Let’s Play “I can have whatever house I want” for a minute.
I have serious big house envy. Living in Chicago and NOT being a bazillionare leaves most of us normal people in the starter home market. That means for one-third of a million dollars (sounds more impressive that way) you can get yourself a 60 year old starter home that comes in at 980 square feet with 2 bedrooms and 1 bath.
I love my house, I really do. It’s cute and sweet, but not what I grew up in and not where I thought I’d put down roots. So every now and then I stupidly let my mind wander on a creative little trip called “I can have whatever house I want”. Then I wake up and wait in line behind my husband and daughter to pee.
Most days, if I could have any house in the world, I would probably re-build the home my great-grandfather built in Galveston. It’s the one my great aunt lives in now and I get plenty of time to enjoy it. I’m so glad it’s still in the family after all these years. BUT there are days when I drool over another house a few blocks away on Sealy, just up the street from my grandmother’s home. It’s gor-geous. Typical Galveston with a little Craftsman thrown in. Huge wrap-around porch, lots of right angles, big and stately. I still drive past it when I go down to visit as part of my nearly 40 year old case of house stalking.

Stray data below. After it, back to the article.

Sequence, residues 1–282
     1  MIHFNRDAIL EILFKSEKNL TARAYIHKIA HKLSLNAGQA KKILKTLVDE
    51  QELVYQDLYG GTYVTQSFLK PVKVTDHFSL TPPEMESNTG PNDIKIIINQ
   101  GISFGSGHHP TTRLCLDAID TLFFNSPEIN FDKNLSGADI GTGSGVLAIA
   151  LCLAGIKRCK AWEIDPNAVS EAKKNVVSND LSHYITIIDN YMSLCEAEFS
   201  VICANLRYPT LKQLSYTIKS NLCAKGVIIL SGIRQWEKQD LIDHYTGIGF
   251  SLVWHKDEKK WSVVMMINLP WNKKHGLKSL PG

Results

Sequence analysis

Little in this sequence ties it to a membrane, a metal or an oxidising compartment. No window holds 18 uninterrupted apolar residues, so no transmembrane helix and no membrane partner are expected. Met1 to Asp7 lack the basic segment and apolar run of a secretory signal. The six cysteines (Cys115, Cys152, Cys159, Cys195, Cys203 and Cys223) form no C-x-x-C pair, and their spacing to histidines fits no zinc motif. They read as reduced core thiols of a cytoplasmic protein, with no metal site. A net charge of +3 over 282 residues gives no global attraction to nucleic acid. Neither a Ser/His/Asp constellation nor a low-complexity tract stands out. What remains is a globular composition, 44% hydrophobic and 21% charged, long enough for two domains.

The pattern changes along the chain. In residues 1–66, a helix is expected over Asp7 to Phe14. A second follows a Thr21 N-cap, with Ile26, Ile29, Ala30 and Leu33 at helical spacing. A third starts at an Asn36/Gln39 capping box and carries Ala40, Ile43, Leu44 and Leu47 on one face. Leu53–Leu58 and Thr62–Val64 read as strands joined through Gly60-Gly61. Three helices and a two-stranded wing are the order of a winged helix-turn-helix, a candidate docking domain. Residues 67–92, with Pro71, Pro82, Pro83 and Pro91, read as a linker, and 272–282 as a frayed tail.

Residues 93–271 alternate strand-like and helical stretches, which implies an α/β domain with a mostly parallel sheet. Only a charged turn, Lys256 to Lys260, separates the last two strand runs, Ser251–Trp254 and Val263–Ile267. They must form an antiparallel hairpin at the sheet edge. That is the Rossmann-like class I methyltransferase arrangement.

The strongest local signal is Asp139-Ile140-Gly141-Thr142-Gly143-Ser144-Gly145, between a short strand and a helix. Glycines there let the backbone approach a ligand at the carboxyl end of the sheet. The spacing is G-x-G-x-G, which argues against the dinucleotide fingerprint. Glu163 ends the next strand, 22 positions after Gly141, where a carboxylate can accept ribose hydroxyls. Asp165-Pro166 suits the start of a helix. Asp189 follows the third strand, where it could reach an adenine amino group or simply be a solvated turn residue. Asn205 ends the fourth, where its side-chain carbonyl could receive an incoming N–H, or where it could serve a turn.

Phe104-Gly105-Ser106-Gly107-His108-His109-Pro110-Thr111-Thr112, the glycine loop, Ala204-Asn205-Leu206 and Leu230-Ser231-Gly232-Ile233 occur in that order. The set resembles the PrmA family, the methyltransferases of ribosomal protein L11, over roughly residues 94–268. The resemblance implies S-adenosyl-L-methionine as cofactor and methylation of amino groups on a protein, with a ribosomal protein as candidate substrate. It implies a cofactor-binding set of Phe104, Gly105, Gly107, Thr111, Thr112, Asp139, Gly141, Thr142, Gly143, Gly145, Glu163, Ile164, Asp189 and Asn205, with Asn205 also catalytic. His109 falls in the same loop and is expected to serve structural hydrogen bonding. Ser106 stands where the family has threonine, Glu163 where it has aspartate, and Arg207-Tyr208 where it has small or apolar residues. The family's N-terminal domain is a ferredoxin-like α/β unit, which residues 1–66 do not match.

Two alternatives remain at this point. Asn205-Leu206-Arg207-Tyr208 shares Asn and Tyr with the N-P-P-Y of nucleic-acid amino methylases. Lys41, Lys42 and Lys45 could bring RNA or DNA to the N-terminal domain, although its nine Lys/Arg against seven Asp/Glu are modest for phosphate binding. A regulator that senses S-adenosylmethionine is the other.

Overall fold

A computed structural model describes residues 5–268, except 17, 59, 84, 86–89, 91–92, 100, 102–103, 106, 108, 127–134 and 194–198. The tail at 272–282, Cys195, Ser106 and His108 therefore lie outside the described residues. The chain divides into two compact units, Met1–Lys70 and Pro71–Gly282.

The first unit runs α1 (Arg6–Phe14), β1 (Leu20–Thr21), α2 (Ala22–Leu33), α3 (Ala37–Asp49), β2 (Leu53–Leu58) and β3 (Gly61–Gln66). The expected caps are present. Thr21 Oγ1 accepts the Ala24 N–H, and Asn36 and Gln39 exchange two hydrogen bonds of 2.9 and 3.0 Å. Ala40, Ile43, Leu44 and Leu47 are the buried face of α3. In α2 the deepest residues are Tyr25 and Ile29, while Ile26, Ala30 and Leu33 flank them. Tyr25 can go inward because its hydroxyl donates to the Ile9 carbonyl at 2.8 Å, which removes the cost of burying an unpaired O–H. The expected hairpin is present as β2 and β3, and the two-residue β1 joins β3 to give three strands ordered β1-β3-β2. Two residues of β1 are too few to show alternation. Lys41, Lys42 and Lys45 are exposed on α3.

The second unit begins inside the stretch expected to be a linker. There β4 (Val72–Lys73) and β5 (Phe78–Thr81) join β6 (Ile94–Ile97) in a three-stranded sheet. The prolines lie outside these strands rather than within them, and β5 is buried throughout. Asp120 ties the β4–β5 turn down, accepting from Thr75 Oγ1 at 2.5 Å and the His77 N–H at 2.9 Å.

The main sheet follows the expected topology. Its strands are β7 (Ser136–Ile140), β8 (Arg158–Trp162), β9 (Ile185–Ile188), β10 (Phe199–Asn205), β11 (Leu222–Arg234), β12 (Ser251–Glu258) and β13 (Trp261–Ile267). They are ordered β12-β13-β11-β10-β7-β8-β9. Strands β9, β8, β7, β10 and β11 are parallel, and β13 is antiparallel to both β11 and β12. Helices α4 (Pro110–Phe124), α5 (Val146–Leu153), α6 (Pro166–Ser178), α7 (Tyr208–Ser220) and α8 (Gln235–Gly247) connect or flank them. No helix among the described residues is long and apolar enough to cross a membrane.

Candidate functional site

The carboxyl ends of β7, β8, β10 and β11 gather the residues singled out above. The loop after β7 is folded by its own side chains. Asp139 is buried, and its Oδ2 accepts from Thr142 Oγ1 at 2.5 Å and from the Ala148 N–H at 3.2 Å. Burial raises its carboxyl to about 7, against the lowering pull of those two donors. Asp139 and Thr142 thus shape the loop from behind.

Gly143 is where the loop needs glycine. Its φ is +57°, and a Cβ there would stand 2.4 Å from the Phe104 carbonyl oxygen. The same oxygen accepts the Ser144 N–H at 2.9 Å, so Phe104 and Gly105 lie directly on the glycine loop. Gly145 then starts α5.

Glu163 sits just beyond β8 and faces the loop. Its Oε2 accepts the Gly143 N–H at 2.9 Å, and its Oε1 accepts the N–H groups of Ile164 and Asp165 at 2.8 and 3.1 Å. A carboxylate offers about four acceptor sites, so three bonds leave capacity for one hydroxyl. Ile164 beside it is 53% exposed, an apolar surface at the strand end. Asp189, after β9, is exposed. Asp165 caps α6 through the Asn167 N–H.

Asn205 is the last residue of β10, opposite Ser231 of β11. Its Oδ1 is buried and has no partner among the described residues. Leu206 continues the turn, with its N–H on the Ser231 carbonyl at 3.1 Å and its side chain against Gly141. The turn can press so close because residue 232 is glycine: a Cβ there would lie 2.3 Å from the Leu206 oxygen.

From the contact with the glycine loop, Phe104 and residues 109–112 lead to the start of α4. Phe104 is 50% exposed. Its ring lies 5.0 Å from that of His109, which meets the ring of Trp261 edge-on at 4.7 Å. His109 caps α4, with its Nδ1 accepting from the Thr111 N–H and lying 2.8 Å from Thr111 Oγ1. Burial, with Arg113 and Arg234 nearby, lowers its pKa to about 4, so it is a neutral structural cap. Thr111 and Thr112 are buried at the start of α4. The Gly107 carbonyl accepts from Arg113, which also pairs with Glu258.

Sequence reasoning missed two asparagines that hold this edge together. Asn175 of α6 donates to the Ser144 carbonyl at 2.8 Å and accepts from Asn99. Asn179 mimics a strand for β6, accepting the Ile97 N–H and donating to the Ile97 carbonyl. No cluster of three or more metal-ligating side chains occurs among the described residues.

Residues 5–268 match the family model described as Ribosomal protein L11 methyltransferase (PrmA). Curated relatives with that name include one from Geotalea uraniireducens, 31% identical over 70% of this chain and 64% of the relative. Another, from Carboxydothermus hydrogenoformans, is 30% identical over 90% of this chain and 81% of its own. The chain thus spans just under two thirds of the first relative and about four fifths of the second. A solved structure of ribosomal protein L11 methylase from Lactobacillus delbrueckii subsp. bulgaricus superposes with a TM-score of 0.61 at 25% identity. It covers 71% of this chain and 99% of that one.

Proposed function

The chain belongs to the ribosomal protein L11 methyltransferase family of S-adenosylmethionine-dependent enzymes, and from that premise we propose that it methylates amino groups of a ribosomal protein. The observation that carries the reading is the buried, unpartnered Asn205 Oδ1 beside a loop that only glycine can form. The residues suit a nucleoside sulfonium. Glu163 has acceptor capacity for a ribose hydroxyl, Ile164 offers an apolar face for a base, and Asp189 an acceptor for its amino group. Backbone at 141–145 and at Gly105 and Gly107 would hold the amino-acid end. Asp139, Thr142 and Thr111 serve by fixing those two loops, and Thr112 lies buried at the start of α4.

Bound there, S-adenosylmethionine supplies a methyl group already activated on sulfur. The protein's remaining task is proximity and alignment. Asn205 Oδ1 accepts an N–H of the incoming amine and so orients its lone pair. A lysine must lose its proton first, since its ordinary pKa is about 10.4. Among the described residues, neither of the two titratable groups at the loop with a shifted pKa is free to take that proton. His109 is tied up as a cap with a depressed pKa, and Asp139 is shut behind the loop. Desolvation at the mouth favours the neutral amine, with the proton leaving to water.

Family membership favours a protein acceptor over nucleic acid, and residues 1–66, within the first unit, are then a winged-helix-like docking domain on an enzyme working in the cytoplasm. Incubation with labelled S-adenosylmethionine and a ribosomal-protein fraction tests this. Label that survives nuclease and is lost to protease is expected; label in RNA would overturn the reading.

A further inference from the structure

Then there’s my grandmother’s home right up the block. It’s very typical southern architecture from way back when they had to engineer the layout to create natural air conditioning. The front door opens to a hallway that goes down the center of the home, right out the back door. There are doors with transoms on either side of the hall. Back in the day you’d open the front door (shaded by the porch and trees), and the back, closing the shutter doors but leaving the shutters open. The air would shoot right down the middle of the home, cooling it off, making those 100 degree Gulf Coast summer days somewhat bearable. The house is divided in half, then half again. On either side there are two big rooms, separated by giant, heavy pocket doors. Smaller rooms, easier to keep warm in the winter, but could be opened up to a large room for entertaining. I’ve always thought it was so interesting how they managed to address so many concerns with their architecture back in those days.
If I could build any one of those houses and make it my own, it would be somewhere close to fresh water on at least an acre of land, with lots of family around. Somewhere not too humid that doesn’t get so hot in the summer that you’re locked inside. All the ceilings would be super-high so my lovely husband never has to duck. There would be a huge dining room with a big dining table so everyone could gather for holidays. You’d never have to wait for a bathroom and all the kids would have their own bedroom. There would be at least one fireplace, a big front porch, and a kitchen big enough to accommodate a breakfast table. At Christmas, there would be decorations in every room, making it a festive and warm place for everyone to be together. We would live there forever and our kids would bring our grandkids to visit.
And the property taxes would be about $500 a year.